Image Tony O'Driscoll
For over fifteen years Softday, the art-science collaboration of artist Sean Taylor and computer scientist Mikael Fernström, have engaged with issues relating to natural cycles in time, climate change and its global effects. As a collaborative team they use their arts practice to explore relations to and understandings of nature, expressed through sonifications and multimedia artworks and performances. Both artists are interested in exploring ‘the cracks’ between various media and creative genres such as expanded theatre, sound art, socially engaged practice, sculpture, music, dance and the application of new technologies.
Early projects such as Bliain Le Baisteach (A Year of Rainfall) (2000) looked at fluctuating annual rainfall patterns in Ireland. Further, Cóisir an Tsionainn (The Shannon Suite) (2003) focused on the four-year life cycle of the wild Atlantic salmon and the effects of overfishing and pollution on the species ability to survive. Projects such as Nobody leaves till the Daphnia sing (2009) examined the implications of contaminated domestic drinking water supplies in Galway and West Limerick. The Marbh Chrois (Dead Zone) (2010) project addressed the impact of two ‘contested’ marine dead zones as a key stressor on marine ecosystems in Donegal, Ireland. In 2011 Softday were prizewinners of EUROPE – A SOUND PANORAMA, and performed their work in Karlsruhe at ZKM (Kubus).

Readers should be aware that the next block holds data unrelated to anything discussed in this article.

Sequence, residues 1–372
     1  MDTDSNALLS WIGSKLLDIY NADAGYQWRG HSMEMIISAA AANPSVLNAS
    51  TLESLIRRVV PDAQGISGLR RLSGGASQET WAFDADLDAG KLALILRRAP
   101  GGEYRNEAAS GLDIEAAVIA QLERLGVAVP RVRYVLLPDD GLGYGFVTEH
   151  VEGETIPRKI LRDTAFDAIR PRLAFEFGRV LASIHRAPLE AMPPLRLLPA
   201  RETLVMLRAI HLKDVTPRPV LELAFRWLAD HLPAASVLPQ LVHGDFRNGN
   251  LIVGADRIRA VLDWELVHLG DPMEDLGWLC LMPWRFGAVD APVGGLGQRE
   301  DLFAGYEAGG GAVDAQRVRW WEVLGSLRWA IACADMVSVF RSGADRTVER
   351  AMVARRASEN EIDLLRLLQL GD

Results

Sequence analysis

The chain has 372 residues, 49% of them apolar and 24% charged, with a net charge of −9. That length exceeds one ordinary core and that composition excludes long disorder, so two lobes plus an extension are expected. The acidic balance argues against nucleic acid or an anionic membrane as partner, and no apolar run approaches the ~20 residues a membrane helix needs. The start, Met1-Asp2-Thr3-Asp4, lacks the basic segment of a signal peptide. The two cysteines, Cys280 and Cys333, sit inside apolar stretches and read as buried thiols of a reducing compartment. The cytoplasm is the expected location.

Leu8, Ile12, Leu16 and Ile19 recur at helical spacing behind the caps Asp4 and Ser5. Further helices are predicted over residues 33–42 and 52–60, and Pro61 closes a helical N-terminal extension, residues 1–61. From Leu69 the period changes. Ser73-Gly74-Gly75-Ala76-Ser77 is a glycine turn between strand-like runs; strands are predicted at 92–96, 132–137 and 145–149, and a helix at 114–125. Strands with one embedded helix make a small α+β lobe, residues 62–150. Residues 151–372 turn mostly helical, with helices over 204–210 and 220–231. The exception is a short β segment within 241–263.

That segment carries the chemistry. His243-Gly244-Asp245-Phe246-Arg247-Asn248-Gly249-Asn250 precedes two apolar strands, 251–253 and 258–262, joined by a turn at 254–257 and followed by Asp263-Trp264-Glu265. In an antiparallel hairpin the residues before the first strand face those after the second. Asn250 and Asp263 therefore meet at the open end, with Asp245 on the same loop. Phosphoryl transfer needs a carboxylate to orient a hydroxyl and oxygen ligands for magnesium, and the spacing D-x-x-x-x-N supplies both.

In April 2013 Softday premiered ‘Amhrán na mBeach’ (Song of the Bees) in Glenstal Abbey, Murroe, Co. Limerick. In October 2014 they were commissioned by Limerick National City of Culture 2014 to perform ‘Amhrán na mBeach’ - Song of the (Urban) Bees. Recent exhibitions include: 2016/7 Re(Public) Hyde Park Arts Centre, Chicago, USA, 2016. Sonic Arts Waterford (SAW) Festival, Waterford, 2016. EVA International Biennale of Art, Limerick, 2016 and Et si on s’ était trompé? (What if we got it wrong?) Centre Culturel Irlandais, Paris, France, 2015.